Using one or more short stories of the teacher's choosing, the students will analyze conflict and plot. Students will then evaluate how the conflict and plot are used to contribute to the meaning and literary merit of the selected short stories.
Before the Activity
See the attached Activity PDF file for detailed instructions for this activity.
Print the appropriate pages from the Activity for your class.
Install the NoteFolio™ App on the students' graphing calculators following the attached instructions.
Decide if the entire class will read the same story in their groups or if each group will read and analyze a different story. Be sure to have enough copies of the story or stories for the entire class.
During the Activity
Distribute the appropriate pages from the Activity to your class
Distribute the NoteFolio file(s) to your class using TI Connect™ and the appropriate TI Connectivity cable
Follow the procedures outlined in the Activity
Comprehend the terms plot, exposition, rising action, climax, falling action, resolution, and internal and external conflict.
Analyze a short story to identify the conflict and label the parts of the plot.
Develop their own detailed plots for a story.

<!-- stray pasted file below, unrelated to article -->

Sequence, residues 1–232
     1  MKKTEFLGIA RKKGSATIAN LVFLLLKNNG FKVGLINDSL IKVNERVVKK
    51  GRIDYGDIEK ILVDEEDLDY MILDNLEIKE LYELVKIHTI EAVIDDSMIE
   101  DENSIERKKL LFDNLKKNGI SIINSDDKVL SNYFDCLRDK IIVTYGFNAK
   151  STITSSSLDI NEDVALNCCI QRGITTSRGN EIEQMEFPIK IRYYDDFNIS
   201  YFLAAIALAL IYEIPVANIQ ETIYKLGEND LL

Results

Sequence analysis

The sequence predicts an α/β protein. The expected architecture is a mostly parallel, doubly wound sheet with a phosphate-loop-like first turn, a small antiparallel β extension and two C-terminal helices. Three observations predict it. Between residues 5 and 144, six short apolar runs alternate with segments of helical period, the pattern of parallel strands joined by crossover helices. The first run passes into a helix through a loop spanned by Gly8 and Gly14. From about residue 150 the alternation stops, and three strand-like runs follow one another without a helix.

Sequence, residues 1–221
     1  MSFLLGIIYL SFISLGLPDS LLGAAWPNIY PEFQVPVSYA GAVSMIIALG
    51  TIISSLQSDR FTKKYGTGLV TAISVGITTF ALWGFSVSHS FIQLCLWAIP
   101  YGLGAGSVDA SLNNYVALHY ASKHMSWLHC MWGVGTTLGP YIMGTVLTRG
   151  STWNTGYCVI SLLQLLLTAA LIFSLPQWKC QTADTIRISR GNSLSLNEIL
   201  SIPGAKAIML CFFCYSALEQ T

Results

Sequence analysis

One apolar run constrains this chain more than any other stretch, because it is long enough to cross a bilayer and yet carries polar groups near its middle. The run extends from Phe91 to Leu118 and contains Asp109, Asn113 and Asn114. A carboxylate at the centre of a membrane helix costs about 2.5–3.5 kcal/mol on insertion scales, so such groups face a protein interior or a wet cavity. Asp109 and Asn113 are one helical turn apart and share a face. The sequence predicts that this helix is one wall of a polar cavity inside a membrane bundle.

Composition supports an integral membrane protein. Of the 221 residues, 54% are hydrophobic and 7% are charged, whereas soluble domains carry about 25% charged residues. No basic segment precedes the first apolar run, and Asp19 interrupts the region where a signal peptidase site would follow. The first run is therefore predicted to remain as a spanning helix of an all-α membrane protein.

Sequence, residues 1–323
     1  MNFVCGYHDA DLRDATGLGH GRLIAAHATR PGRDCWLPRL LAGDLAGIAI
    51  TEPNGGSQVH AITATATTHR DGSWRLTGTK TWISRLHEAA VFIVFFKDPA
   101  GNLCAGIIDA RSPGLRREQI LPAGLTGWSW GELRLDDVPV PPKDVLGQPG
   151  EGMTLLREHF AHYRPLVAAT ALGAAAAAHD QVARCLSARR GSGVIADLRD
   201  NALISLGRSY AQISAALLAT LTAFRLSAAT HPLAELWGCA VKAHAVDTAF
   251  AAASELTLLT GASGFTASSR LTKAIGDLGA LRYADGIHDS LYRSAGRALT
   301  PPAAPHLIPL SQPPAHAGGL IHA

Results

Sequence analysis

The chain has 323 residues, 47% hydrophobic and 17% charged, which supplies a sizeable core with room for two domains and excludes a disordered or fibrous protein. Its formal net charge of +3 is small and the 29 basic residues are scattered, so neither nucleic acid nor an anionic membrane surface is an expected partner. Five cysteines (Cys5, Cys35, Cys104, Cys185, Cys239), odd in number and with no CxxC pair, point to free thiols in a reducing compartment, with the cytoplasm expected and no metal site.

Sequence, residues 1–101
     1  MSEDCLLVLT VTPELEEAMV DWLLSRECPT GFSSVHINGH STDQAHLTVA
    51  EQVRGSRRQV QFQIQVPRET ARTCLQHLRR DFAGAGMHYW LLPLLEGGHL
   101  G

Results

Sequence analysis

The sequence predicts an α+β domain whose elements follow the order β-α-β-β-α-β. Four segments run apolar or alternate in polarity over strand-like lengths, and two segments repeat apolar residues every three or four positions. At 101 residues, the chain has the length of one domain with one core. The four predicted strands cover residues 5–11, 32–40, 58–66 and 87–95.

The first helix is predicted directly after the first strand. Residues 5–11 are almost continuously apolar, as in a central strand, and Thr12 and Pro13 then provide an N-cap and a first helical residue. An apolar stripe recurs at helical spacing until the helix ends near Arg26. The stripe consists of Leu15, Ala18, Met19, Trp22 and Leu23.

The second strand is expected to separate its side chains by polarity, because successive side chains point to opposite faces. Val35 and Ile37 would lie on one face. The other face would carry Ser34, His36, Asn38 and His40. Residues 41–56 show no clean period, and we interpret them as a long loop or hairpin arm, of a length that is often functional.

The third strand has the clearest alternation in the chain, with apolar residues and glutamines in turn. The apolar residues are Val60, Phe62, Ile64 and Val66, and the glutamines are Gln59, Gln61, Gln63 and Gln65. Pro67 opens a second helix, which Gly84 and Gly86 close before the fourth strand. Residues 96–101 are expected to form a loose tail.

Identify and evaluate the literary element of plot in professional models and peer writing.
After the Activity
When all students have a copy of their group's file on their devices, bring the class back together to share and evaluate the different responses to the group critiques. Use this exercise to evaluate the responses for accuracy, and clarify concepts that are unclear to the students. Students should agree on and understand conflict and plot as developed in the stories.
To complete this activity, lead the students in a critique of the author's use of conflict and plot as related to the meaning and literary merit of the story. Be sure they cover all aspects of the plot's development as well as the techniques the author used to build the plot. Have the students update their group response with additional information during this discussion, if they wish.
Inform the class that in the next class meeting, they will be designing original plots based on conflicts of their own creation. They will use the criteria they have just discussed to do this. If this lesson is part of a unit that will end with the students writing their own narrative story, their plot and conflict can be designed around the characters and settings they created in the lessons on "Character and Characterization and Setting."